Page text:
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March 29, 2007

i guess you get what I mean, right?

Posted by dogpossum on March 29, 2007 12:40 PM in the category clicky and lindy hop and other dances and music

Jean put me onto something neat here. It's a talk by Ken Robinson about learning and teaching and you can watch the clip here. I can hear some of you sighing and clicking on, but I recommend dropping in to have a look and a listen - it'll make you giggle. And there's some talk about bodies and dance.

It's interesting, because I've written and thought quite a bit about embodied and disembodied knowledge, and how different cultures privilege one or the other. Robinson talks about academics and how their bodies are really just vehicles for carrying their brains around. It's true - I've always loved dancing (mostly la discotheque!), but before I got hardcore about dancing I always thought of my body as something for transporting my brain. I sufferred from serious migraine headaches - I spent a couple of days in bed each fortnight when I was finishing my MA. Can you imagine that? It seems completely crazy to me now, but then I just dealt with it (well, in a getting-depressed-and-wanting-to-blow-myself-up way).
Now I realise that the problem was that I was spending an awful lot of time sitting on my clack, squirrelling my stress away in my muscles. Now I know that if I don't get up out of my chair and shake my arse every day, my muscles start to tense up and get cranky. And I get a headache. But I also know that getting up out of my chair and jiggling about to music I love for an hour is WONDERFUL! Going to the gym - dull. Jogging - duller. But dancing? That shit is GREAT!

Writing about dance for my work happened kind of by accident - I was coming out of a shitty first run at a PhD, I was hating it, I was miserable, but I loved dancing. And I thought, 'What would be my dream situation? What would be most perfect?' And getting another scholarship to write about dancing and score some funding to go to Herrang was that dream project. And you know what? They gave me the scholarship and they sent me to Herrang, and I wrote a big fat thesis and lots of articles about dancing.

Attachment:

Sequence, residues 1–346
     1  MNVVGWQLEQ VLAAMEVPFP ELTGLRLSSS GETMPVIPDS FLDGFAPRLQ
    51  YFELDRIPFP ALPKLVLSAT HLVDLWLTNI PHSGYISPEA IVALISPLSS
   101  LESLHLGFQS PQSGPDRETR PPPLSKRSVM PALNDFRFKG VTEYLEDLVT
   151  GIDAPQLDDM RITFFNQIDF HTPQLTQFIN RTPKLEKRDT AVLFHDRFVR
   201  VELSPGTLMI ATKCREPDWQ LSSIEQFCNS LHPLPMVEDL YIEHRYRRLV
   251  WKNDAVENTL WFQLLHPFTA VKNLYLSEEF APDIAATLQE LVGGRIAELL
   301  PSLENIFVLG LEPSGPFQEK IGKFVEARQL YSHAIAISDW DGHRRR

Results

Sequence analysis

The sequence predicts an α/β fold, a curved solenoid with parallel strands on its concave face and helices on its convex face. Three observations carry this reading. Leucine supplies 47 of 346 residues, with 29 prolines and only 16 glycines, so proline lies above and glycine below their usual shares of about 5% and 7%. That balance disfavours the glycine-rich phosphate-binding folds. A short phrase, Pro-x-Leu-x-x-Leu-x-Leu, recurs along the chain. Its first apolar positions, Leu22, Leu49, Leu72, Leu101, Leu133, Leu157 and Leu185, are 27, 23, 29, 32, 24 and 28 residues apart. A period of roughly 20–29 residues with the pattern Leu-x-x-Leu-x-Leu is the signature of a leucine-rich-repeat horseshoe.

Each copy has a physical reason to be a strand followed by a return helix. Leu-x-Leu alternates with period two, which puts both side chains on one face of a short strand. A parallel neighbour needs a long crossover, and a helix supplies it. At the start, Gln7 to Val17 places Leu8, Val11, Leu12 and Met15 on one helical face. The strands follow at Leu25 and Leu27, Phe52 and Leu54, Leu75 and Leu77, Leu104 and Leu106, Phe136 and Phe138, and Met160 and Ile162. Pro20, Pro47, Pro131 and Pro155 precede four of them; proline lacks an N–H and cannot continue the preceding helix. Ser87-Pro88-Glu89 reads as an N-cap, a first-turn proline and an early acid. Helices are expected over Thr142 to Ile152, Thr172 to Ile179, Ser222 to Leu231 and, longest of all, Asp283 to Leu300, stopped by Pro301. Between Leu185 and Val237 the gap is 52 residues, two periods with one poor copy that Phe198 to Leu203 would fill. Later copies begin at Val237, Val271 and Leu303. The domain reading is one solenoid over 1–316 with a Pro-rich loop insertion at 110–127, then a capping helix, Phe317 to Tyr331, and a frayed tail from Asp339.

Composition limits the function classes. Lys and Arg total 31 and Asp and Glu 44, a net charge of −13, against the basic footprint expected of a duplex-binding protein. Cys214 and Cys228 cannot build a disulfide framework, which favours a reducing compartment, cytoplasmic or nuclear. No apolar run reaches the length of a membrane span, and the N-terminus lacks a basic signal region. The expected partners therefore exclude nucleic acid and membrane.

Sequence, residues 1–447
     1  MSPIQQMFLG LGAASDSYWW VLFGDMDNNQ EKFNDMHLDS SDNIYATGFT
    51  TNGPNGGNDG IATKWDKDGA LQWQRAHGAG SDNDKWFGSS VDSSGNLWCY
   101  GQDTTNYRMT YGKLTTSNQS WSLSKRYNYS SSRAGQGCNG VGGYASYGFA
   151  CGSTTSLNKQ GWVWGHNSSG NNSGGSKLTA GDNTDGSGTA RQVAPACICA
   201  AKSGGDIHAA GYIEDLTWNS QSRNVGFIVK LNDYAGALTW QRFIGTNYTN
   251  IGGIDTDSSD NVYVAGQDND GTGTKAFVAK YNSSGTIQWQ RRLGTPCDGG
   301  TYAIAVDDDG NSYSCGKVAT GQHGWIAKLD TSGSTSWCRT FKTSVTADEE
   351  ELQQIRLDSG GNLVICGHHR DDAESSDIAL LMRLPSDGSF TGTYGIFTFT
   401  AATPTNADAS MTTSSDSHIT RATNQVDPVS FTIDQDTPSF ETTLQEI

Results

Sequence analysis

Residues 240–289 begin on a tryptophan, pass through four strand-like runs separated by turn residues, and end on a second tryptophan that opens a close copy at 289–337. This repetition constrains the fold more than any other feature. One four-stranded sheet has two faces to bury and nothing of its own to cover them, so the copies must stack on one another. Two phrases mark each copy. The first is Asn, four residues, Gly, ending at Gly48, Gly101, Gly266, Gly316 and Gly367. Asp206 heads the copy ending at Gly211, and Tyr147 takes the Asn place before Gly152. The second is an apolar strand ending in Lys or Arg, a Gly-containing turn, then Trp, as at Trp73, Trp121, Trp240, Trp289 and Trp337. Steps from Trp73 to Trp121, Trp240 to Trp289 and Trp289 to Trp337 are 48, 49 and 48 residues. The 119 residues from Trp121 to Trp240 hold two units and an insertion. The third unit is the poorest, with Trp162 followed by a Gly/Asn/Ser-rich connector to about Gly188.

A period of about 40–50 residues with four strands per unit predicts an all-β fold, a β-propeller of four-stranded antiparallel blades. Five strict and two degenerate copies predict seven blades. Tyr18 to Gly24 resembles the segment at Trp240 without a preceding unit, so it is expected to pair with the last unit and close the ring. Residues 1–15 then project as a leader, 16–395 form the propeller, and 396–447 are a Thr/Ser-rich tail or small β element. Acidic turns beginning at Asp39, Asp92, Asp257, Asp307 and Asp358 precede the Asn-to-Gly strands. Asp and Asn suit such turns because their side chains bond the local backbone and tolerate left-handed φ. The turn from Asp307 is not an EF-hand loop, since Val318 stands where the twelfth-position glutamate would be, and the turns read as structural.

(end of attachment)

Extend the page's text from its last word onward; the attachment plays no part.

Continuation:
Can you imagine anything more nuts? It just seems too great to be true - getting the chance to do combine dance with the loveliness of thinking and writing and reading and talking all day. I still feel insanely lucky - and I'm sure someone's going to bust me some day and ask for the money and degree back.

The thing I like to think and write about, though (after I've written about saucy 1920s song lyrics), is the way dance works as system of meaning and a medium for the exchange of ideas - the way dance is discourse. That shit rocks. I mean, in cultural studies you're so centered on the idea of language and words - most of the theory floating around in this discipline has at its heart the idea that words are the most important, most wonderful way of communicating ideas. I dig that - I'm all over the idea that words are great. But I've found, working with the various theories trucking about, that this doesn't allow much room for other ways of communicating or representing the world. Sure, there might be vast tracts of writing about other disocourses, but they're still vast tracts of words. I can make a joke with my body that simply doesn't translate into words. You just can't make the joke work. But one sight gag is worth a thousand words.
And then, the thing that really gets me pumping, is thinking and writing about the way dancers have gotten a hold of the internet and other hi-tech action and appropriated it for ther own, decidely embodied purposes. The last paper I submitted to a journal had a comment from a reviewer where they wrote: